It’s also more challenging for employees to strike that all-important work-life balance. “Hours that were once dedicated to fun activities have been replaced with more work and increased responsibilities,” Goldstein explained. These things mean employers need to show their gratitude differently. Whether that means having team appreciation parties over virtual platforms or sending workers online gift cards, HR representatives must figure out safe, effective ways to express thanks. 

2. Remote Hiring and Recruitment Practices Will Gain Momentum

Some analysts predicted remote methods would change hiring and recruitment methods long before COVID-19 impacted the world. They were right to some extent, especially as HR professionals realized doing things remotely cut out potential hassles like travel arrangements. Remote platforms let companies extend their hiring and recruitment reach instead of only looking for candidates in the immediate area. 

HR after COVID-19 will likely prominently feature remote platforms and approaches. Suppose a human resources professional or recruitment expert can gauge a person’s candidacy for a role via a teleconferencing platform. That method saves time compared to bringing a person into the office. 

Some remote interviews are for work-at-home jobs. However, if a person gets hired for a position at a physical location, companies may require that the new hire tests negative for the novel coronavirus before arriving. 

3. Contracts Will Include COVID-19-Related Specifications More Often

As professionals navigate this new normal and ponder what it means for the future of HR, they should consider how the pandemic might impact their employment contracts. For example, a company might remove a line that guarantees the worker a certain number of hours per week to work, especially if the industry will experience the effects of the pandemic for the foreseeable future. 

One emerging trend — especially seen in the construction sector — concerns the addition of force majeure clauses related to the pandemic in contracts. Those cover the natural and unavoidable disasters preventing a party from fulfilling a contract’s terms. However, it is not sufficient for that entity to claim it was inconvenient to meet the contract’s terms. Courts look at several variables, including whether the conditions made working impossible.

Contracts may also state that workers must report their COVID-19 risk or agree to get screened. Drug screenings are already commonplace, and the same could become true for coronavirus tests. Legal experts and HR representatives are still working out the specifics of contracts in light of the global health crisis. However, people should expect to see some noticeable changes in contractual language soon. 

4. HR Representatives May Need to Reserve More Time for Training

The pandemic forced workplaces to adjust rapidly to new procedures to keep people safe. Cleaning happens more thoroughly and frequently, and many companies reduce or eliminate the time employees spend in close quarters. Customer-facing businesses also must adopt new procedures for keeping guests safe.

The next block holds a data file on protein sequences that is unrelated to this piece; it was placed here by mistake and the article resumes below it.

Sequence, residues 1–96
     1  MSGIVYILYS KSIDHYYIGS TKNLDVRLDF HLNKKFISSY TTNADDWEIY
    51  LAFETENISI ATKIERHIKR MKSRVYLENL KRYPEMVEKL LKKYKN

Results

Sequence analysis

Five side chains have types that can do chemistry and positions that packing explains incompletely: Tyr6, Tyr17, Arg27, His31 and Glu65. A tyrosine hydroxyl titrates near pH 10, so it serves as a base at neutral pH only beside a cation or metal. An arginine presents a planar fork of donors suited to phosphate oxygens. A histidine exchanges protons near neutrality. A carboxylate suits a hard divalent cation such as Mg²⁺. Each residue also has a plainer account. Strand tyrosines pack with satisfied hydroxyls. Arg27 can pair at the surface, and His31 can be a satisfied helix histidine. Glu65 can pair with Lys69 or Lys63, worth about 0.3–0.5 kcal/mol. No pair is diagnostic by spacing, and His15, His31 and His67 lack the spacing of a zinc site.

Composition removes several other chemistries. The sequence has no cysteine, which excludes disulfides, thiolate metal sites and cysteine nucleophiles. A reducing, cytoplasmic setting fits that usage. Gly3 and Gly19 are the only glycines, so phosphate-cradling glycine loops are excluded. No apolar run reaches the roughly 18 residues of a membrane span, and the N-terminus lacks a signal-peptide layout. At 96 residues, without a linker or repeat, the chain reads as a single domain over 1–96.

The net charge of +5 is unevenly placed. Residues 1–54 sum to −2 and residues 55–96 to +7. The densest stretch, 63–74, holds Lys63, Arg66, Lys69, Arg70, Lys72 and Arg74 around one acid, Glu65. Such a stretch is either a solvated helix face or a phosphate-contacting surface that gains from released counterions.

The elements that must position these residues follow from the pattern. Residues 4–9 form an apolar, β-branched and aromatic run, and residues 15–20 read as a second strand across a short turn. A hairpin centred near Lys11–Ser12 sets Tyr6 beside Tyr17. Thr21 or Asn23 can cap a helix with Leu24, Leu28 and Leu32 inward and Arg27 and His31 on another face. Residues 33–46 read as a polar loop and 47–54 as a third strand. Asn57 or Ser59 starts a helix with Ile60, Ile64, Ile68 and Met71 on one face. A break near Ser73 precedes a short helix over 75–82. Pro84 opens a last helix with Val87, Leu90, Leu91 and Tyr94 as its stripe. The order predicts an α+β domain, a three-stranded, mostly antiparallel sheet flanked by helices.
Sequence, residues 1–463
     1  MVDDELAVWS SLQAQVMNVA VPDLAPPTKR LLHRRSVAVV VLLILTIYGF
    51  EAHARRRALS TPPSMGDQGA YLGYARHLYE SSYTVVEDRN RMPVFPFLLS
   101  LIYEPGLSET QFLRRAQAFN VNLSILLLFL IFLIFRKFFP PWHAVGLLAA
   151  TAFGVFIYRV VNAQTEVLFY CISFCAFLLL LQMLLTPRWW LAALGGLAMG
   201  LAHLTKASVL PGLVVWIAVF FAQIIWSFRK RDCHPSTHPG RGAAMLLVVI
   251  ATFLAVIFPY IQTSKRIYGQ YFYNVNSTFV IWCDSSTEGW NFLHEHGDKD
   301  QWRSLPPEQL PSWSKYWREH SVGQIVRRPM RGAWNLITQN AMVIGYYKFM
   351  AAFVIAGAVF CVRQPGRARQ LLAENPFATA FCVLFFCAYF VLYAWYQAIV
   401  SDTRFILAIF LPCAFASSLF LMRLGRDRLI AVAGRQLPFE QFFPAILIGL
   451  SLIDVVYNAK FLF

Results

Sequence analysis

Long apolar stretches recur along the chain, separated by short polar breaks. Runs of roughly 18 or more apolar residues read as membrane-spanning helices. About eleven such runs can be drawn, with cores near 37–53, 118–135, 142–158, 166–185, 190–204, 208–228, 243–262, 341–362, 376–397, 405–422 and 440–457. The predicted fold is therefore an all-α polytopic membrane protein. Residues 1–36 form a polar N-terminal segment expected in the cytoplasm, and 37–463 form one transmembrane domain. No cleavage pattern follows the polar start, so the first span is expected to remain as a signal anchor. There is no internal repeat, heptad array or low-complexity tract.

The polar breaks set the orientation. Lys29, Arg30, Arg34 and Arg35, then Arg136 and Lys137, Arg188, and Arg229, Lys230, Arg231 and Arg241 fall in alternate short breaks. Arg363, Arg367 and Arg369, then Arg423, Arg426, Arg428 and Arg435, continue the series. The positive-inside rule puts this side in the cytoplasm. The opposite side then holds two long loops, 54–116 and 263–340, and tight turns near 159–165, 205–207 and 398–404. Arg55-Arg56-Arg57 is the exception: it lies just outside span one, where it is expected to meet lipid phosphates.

Human resources professionals regularly schedule training sessions. However, they may need to do that more often or for larger workforce segments due to COVID-19. Some businesses invested in robots to help workers or wearable gadgets to ensure that people stay far enough apart while on the job. It could take a while for some workers to adjust to those things, although dedicated training efforts could help. 

If all or most of a workforce shifts to remote working, HR representatives may deem it necessary to plan training sessions that spell out safe practices online and give people tips for staying productive. Many employees now have to work in ways they hadn’t imagined. HR professionals cannot remove all the obstacles, but taking the time to educate the workers about what’s new could relieve the stresses they feel. 

5. Businesses Will Adjust Their Time-Off Policies According to Government Guidance

The need to isolate confirmed or suspected coronavirus cases poses challenges for HR professionals who may already face workplace shortages for other reasons. However, following government guidance on that matter remains crucial. Workplace leaders must also stay abreast of recent changes.

For example, the U.S. Centers for Disease Control and Prevention (CDC) recently updated the guidance about workers caring for themselves at home after symptom onset. The most recent recommendation is that people can come back to work if at least 10 days pass since symptoms began and they stay fever-free for at least 24 hours after their body temperatures initially return to normal without medication. Their non-fever symptoms must also improve. 

The CDC previously set the fever-resolution component of that three-prong test at 72 hours, so the change represents a significant reduction. These specifics mean companies may begin implementing time-off periods that people can use specifically for reasons connected to the virus. Doing that keeps people safer by minimizing the likelihood that they feel tempted to work while feeling unwell. 

The Evolving Future of HR

No one knows the pandemic’s time frame, so it’s impossible to say for sure how things will change. However, the five things mentioned here are solid predictions, especially since some workplaces have already adopted the changes.

Copernicus Was Wrong

Copernicus said the earth revolves around the sun. Copernicus was only partially correct.

The earth does not always revolve around the sun. In some workplaces, the earth revolves around an employee. Yes, I can tell that each of you is thinking of a particular employee. Let’s hope no one is thinking of you!